„Katra gudrība, kas ir augstāka par Tavējo, šķiet dumja”
“Every wisdom that is higher than yours will seem foolish”
/Rev.Juris Rubenis, in Latvian/
It’s always good to keep in mind the above sentence when we rush to judge others’ views. Especially the worldview that are in a conflict with your own.
Tracing V. Ramachandran and mirror neurons on the net, I have stumbled across a rich collection of ideas formulated (mostly) by exceptionally strong intellects. The site is www.edge.org and it defines itself as a mouthpiece of the “third generation intellectuals”. A layman like me would immediately wonder who those people are. The “about” section on Egde.org defines the “third generation” as accomplished scientists who care about the fundamental problems of society and knowledge, and who are ready to actively engage in educating and challenging the seeking public. So far so good.
A first pick from the surface of Edge.org indeed delivered fascinating and “ideaful” reading. I’ve read through a part of the World Question Center – a collection of short essays by highly accomplished intellectuals on specific provocative topics (each year features its own question). Here are just a few that I’ve liked the most:
For physicists, I recommend a short answer of Philip W. Anderson to What do you believe is true even though you cannot prove it? (World question’05), which makes a very important point. It is best understood in the context of “The Theory of Everything” by Laughlin and Pines, but also needs to be balanced against an educated pro-string opinion, like Leonard Susskind’s Dangerous idea (World question’06).
Two comments from a different sphere address the “dangerous questions” we were recently discussing with some of my friends: an honest look at the problems of democracy as a state-organizing principle by Haim Hariri, and a perspective on the weaknesses of the free will concept by Clay Shirky.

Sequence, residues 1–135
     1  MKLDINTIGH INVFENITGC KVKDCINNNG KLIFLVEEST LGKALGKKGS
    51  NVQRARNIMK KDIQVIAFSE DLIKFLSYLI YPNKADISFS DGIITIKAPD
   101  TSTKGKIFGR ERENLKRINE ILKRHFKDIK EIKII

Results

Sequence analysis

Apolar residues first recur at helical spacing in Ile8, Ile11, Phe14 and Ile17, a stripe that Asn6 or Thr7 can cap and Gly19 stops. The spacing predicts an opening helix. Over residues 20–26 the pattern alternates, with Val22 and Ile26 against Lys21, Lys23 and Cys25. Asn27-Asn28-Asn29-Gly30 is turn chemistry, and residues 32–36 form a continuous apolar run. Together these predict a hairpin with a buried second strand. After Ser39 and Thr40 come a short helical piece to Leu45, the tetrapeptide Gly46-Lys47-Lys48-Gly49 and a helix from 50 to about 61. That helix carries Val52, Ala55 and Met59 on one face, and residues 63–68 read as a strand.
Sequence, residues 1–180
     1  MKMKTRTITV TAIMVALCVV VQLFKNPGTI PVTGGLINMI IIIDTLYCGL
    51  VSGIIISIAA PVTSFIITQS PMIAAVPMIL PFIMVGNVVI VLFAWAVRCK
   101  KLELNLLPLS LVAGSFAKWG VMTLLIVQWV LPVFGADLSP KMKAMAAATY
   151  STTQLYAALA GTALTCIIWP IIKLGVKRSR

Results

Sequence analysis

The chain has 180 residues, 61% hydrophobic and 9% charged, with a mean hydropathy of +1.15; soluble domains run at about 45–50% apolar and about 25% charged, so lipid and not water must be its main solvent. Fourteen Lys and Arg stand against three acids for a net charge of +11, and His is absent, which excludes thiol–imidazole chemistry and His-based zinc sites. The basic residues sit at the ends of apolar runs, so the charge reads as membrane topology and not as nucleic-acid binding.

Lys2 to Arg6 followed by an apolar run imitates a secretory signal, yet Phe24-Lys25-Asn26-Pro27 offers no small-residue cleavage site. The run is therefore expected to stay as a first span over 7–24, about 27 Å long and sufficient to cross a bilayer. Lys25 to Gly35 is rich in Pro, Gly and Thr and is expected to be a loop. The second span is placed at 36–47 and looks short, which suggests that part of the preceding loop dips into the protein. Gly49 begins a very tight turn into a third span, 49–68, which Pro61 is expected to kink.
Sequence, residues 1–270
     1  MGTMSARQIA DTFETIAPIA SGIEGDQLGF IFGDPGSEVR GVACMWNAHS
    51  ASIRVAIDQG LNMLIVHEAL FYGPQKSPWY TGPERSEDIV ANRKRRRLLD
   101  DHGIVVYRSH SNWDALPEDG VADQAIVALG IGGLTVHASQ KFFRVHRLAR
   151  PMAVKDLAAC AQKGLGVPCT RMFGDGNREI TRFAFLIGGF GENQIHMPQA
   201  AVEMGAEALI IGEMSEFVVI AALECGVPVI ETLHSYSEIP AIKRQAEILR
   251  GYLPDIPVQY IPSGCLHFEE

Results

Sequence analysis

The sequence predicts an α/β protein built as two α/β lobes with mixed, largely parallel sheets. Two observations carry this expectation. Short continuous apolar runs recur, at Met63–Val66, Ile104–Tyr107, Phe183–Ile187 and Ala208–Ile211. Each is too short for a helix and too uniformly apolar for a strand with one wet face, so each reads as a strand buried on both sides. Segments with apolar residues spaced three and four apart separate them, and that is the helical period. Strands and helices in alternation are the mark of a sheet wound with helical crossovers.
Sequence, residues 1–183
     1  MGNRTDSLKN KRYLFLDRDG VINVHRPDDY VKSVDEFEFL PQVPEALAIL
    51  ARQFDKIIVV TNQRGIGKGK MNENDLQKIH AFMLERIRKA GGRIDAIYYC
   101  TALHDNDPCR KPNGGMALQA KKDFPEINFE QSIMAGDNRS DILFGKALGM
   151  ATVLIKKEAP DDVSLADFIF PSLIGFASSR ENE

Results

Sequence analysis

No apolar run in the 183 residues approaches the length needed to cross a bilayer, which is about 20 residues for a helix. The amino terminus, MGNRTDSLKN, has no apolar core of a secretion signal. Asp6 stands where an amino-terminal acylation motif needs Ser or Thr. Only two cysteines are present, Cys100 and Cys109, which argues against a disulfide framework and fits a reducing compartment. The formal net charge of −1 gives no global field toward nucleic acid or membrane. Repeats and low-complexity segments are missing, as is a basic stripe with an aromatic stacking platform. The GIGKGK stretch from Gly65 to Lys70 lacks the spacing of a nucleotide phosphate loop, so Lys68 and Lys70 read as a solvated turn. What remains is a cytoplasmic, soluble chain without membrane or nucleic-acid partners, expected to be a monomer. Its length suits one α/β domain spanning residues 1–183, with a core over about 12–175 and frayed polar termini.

However, after my first excitement started to wane, I’ve noticed a strange and unpleasant bias of the Edge. The emphasis on “the empirical world” in the very definition of the site is quite ok – after all, if you gather the representatives of the natural sciences, how else would you define their methodology? Positioning the third generation as antagonistic to the “monopoly of literary intellectuals” sounded a bit strange, but given my ignorance in such a topic, could still be absolutely neutral. But then in several places I came across the painfully familiar “evolved-not-designed” emphasis… High correlation between the list of Edge contributions and the signatories of the latest Humanism manifesto just confirmed my suspicion – the famous “prejudice against any prejudice” of rationalism seems to be an entry requirement for Edge.org contributors.
Sadly enough, the illnesses of modernity “science-implies-atheism” and “religion-implies-ignorance” penetrate even the most intellectually refined communities.